Ever wondered what is in the destiny of the thousands of nearly abandoned hilltop villages in southern Italy?
While some remain in shambles as consequence of earthquakes and mass exodus by the young and ambitious, others go through amazing transformations thanks to people like Daniele Kihlgren.
For anyone looking to be immersed in another time period, Sextantio Albergo Diffuso is located only hour and a half drive from Rome and a truly authentic cultural experience.
SEXTANTIO ALBERGO DIFFUSO
Kihlgren discovered almost-deserted Santo Stefano di Sessano in the Apennines by chance, but refused to leave it like he found it. Charmed by the dreamlike feeling and potential of the remote town, he decided to purchase the abandoned houses and turn them into a whole new concept. That day, the idea of an albergo diffuso was born.
An albergho diffuso, literally translated as “scattered hotel,” is a fairly recent and original hospitality model. “It’s about restoration, not renovation. I had a unique opportunity to save one of the last authentic places in Italy from the grip of cement” says Kihlgren. His hotel, Sextantio Albergo Diffuso, is comprised of two dozen or so small houses scattered throughout a town in different locations. Check-in can happen at the local café, locals can become friends, and the food is certainly homemade and of indisputable quality. According to him, living within a community, rather than around it, enables guests to assimilate to the local culture and feel like they belong.
The most outstanding part about this model is that it stays respectfully true to the culture and customs of the locals. “We avoid the over-use of contemporary elements. We used native objects, often stored in museums, and ancient and traditional local materials,” says the entrepreneur.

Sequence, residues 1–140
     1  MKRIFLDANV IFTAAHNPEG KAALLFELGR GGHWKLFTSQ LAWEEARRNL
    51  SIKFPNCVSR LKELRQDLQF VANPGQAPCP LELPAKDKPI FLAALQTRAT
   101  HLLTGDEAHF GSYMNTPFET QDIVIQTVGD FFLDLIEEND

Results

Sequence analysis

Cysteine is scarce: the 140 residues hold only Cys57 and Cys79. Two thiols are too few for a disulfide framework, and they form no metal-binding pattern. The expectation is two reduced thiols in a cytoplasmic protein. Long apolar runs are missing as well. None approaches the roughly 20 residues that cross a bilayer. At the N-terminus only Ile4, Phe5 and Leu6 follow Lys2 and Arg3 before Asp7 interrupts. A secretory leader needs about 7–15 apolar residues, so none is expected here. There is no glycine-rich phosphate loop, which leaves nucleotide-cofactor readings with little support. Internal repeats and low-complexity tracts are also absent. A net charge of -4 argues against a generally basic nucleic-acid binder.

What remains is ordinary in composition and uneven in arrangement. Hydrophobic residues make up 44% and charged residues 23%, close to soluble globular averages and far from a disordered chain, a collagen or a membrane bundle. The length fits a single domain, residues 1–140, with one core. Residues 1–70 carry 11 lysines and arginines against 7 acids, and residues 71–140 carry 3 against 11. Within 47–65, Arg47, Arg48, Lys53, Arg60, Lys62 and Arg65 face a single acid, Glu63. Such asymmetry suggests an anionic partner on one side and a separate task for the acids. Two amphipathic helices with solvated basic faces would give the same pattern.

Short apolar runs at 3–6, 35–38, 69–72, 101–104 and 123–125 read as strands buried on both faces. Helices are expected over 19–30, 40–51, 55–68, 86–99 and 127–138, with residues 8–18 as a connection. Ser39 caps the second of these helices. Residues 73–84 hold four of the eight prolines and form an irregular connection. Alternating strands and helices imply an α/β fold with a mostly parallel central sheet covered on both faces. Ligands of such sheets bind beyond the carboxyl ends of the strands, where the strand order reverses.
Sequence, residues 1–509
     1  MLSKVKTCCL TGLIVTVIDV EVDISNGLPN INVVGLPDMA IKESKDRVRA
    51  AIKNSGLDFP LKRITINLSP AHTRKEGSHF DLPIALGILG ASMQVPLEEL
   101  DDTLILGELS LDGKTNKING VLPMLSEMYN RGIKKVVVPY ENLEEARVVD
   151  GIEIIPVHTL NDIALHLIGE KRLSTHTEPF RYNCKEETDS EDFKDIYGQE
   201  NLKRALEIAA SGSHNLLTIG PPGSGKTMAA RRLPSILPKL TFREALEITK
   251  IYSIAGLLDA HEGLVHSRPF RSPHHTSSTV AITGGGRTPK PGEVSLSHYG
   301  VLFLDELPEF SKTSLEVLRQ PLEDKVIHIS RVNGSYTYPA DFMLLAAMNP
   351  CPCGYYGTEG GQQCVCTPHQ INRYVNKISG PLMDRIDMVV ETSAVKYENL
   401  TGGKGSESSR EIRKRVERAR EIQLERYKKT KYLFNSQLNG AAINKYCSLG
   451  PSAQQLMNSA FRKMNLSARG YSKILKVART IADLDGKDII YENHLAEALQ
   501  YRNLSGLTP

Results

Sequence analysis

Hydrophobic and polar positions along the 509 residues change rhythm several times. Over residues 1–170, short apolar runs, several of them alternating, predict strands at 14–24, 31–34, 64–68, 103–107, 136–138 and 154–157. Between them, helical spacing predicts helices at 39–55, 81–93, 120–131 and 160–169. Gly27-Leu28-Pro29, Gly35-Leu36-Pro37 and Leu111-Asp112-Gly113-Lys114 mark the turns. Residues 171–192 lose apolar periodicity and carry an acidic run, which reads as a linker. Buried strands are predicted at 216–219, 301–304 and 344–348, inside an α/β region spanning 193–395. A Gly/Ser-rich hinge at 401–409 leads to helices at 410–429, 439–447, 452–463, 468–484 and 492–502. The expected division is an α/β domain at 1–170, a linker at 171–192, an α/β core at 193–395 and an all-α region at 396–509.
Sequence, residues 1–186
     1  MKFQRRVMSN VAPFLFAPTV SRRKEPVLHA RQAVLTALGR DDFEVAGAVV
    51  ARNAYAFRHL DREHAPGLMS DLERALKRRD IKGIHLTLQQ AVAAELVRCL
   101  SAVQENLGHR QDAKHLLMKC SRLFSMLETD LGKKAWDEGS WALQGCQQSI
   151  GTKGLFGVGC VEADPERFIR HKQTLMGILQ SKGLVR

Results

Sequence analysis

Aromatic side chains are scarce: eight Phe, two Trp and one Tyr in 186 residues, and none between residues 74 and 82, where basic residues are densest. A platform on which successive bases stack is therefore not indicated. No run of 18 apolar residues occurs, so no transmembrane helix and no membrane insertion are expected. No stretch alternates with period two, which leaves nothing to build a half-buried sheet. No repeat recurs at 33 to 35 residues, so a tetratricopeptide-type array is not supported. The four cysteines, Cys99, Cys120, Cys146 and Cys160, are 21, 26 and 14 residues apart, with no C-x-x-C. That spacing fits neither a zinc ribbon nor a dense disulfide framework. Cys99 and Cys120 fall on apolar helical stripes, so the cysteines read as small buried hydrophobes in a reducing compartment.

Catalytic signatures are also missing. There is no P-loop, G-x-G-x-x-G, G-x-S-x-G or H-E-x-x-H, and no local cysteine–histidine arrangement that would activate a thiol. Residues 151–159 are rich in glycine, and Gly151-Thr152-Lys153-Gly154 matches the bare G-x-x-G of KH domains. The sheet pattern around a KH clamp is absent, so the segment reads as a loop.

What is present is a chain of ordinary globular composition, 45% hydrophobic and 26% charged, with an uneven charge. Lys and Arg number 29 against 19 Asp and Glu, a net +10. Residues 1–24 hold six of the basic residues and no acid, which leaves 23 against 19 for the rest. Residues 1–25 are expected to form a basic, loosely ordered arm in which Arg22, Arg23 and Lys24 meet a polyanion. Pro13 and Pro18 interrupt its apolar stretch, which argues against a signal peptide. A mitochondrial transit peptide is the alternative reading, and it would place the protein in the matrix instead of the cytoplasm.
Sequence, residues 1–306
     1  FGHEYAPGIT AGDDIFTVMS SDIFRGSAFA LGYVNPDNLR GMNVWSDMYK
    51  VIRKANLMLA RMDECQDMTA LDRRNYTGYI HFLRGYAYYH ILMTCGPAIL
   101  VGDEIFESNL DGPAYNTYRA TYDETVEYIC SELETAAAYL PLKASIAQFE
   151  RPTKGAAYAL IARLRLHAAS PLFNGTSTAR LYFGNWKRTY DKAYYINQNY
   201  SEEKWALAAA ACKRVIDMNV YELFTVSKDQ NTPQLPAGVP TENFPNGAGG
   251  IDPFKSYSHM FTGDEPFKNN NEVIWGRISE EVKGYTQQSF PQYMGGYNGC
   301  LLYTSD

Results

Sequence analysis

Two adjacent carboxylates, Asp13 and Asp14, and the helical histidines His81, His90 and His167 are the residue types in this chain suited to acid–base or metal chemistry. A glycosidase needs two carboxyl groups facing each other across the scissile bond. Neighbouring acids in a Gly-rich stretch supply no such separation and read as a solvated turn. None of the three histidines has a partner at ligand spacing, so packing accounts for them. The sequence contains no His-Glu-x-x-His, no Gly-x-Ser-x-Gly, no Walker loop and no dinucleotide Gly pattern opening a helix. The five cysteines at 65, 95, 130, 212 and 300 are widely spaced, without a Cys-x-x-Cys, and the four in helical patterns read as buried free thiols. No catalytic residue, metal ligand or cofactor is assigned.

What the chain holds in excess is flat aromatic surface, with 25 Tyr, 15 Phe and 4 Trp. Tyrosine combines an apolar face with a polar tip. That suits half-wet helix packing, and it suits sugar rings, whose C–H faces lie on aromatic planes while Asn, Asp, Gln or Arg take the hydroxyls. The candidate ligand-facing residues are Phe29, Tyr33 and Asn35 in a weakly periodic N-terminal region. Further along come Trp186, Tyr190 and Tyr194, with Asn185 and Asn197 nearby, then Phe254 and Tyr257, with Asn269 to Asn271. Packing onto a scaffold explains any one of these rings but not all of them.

The preservation of small windows, the dim light, the uneven floors and the choice of single details, such as handmade soaps made from olive oil help maintain the archaic soul of the village. Thanks to his integrity to the culture and generous involvement with the remaining residents, alberghi diffusi became a successful way to keep the spirit of these disappearing cultures alive. This concept has now emerged in other parts of Italy, quickly spreading to Spain and Croatia as well.
This is an ideal concept for independent travellers, who prefer living next door to locals and choose to integrate themselves with the traditional Italian way of living. At Sextantio, cooking and bread making classes are offered with the help of a local housewife. Guests can also learn to prepare pizza or bread using ancient and traditional wooden instruments. An authentic wood-burning oven from the XVI century closes the experience with a golden key.
In addition to the conventional beauty and atmosphere of the hotel, their private dining room, Locanda Sotto gli Archi, serves Abruzzese cuisine in a rustic 16th-century building. Chefs focus mainly on dishes and techniques from medieval times, adding an extra flair to an already incredible experience.